May 12, 2009
By Larry Watts
The University of Arizona took a pass after just one look. One look was all Indiana University baseball coach Tracy Smith needed.
Smith was working a San Diego baseball clinic in December, 2007 when he spotted Jerrud Sabourin. The San Diego native was home for the holidays working with hitting coach Darren Johnson after being cut by the University of Arizona coaching staff following only one day of walk-on tryouts.
"I didn't know what I was going to do," Sabourin says. "I had been communicating with the Arizona coaching staff through emails and they had suggested I come out and try to make the team as a walk-on. The impression I got was I would be a preferred walk-on and I would make the team."
A first baseman/pitcher at national power Torrey Pines High School, Sabourin had hit .390 as a senior with four home runs and 34 runs batted-in. The southpaw had compiled a 6-2 record on the mound with an earned run average of 2.73.
"But when I got to Arizona, they told me I had to come to a tryout with the rest of the walk-ons. What that basically meant was I came out one fall night for a couple of hours with 20 other candidates. We went through fielding drills and a couple of rounds of batting practice and they sent everyone home. It wasn't what I thought it would be.
"That really set me off track and I didn't know what I was going to do. I was stuck at Arizona and I wasn't going to give up my dream of playing Division I baseball. I would ride my bike six miles to a batting cage two or three times a week and I worked with former Arizona coach Jerry Stitt once a week. At that point, I was thinking about going to a junior college, but my mind was still set on playing Division I."
When he went home for the break, he continued to work out with Johnson, a coach at a rival high school. That is when he found out Smith would be coming over to hold a mini-tryout.
"There were about seven or eight of us, the rest being high school seniors," Sabourin says. "We took a couple of rounds of batting practice and took some fielding practice. Coach Smith didn't talk to me much because of NCAA rules, but he did suggest I give it a try at Indiana as a walk-on."
When he went back to Arizona in January, Sabourin withdrew from his classes, packed his bags and flew out to Bloomington. Fortunately, nearly all of the credits he earned transferred to Indiana.
"When I arrived, it was stormy and real cold," he says. "It was kind of shocking getting off that plane. But I had to do this to fulfill my ambition because I really love this game."
Sabourin's first introduction to Indiana baseball was what the coaching staff likes to call "the fun run." But the only people having any fun were the coaches.
"The whole team goes out on the indoor track and runs a bunch of sprints until half the team is puking," the 6-foot-2 Sabourin says. "Since I had been working out in Arizona and managed to stay in pretty good shape, I didn't have much problem with it. I was happy I wasn't one of the guys who puked and I think I made a good impression.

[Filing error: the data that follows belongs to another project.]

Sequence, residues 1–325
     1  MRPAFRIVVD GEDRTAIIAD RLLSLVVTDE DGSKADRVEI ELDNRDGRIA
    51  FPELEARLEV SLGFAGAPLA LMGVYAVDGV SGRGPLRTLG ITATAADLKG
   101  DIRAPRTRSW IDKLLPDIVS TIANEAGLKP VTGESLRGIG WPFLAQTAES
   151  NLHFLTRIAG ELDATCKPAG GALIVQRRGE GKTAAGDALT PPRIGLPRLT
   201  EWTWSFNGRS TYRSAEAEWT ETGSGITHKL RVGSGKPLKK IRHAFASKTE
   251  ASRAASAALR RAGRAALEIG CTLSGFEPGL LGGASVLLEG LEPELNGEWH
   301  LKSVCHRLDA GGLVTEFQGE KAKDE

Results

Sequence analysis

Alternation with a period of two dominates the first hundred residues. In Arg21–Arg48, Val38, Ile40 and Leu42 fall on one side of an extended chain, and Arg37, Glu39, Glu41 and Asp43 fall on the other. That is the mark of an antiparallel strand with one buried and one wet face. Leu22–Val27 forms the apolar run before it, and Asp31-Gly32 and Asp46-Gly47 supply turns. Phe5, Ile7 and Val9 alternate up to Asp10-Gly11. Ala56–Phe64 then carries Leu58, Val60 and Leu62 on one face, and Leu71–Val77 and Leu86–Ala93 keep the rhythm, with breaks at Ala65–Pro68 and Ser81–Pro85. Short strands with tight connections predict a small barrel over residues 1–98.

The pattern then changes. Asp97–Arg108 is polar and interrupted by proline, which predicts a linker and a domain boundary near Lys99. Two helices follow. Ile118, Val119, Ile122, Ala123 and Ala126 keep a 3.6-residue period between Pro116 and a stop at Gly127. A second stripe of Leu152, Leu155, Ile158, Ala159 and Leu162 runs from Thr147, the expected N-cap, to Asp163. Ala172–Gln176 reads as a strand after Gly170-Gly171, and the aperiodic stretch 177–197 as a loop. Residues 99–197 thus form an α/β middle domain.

"I was confident I was going to make the team as a walk-on. I was going to beat out anyone who was in my way."
In Indiana's season opener at Louisiana State, the lefty-swinging Sabourin was called on to come off the bench against Golden Spikes candidate Jared Bradford and delivered a run-scoring single up the middle. He also singled to right in his second at-bat during the 7-1 loss. But Sabourin would be in the starting lineup at first base for the remaining 59 games.
"I just kept it going from there," he says. "The next day I got a couple more hits and I was leading the team in average after the first series. Things went pretty well from there."
All Sabourin did in his walk-on season was bat .383, which was second on his team and ninth in the Big Ten. He delivered five home runs with 14 doubles and 53 RBI. He wound up being named to the Freshman All-America squad.
"Freshman All-America was kind of the topping on the cake," he says. "I knew I was seeing the ball well and playing good defense. I looked at my numbers and figured I could get somewhere with those.
"I always knew in my life if I worked hard at something, it would pay off. I had no doubts about my ability and I was prepared. I kept the right mindset because I had played baseball at a high level all my life, so I was used to these situations and I knew I could do it."
It didn't take long for word of Sabourin's success to travel back to San Diego, where he might be considered a Pied Piper of sorts. Another six San Diego-area baseball rats followed him back to Bloomington this year.
"I think I did have an impact on getting more California players to come here," he says. "They saw the success I was having and the fact I was enjoying myself out here. Other coaches around San Diego started recommending players to coach Smith."
On a Hoosiers team loaded with .300 hitters, Sabourin is showing last year was no fluke. He is currently stroking the ball at a .355 clip with four home runs, 28 RBI and a slugging percentage of .507.
"You hear a lot about the brand of baseball being played out West, but the competition in the Big Ten isn't a whole lot different," he says. "There are a lot of good players and teams. The toughest part about it is playing so many games when it's 30-40 degrees. It's a lot harder to hit and see the ball when it's snowing. Those guys playing for those West Coast powerhouses don't know what it's like to not feel your hands."
But as Sabourin has discovered, one man's rejection can be another man's promotion. He couldn't be happier with the way things have turned out.
"I'm glad I made this decision," the sophomore says. "I don't know where I would be without God, coach Stitt, coach Johnson and my parents, who have been very supportive.
"It's kind of surreal how things have happened. I hope to eventually play professional baseball, but I also have med school as a backup plan if baseball doesn't work out."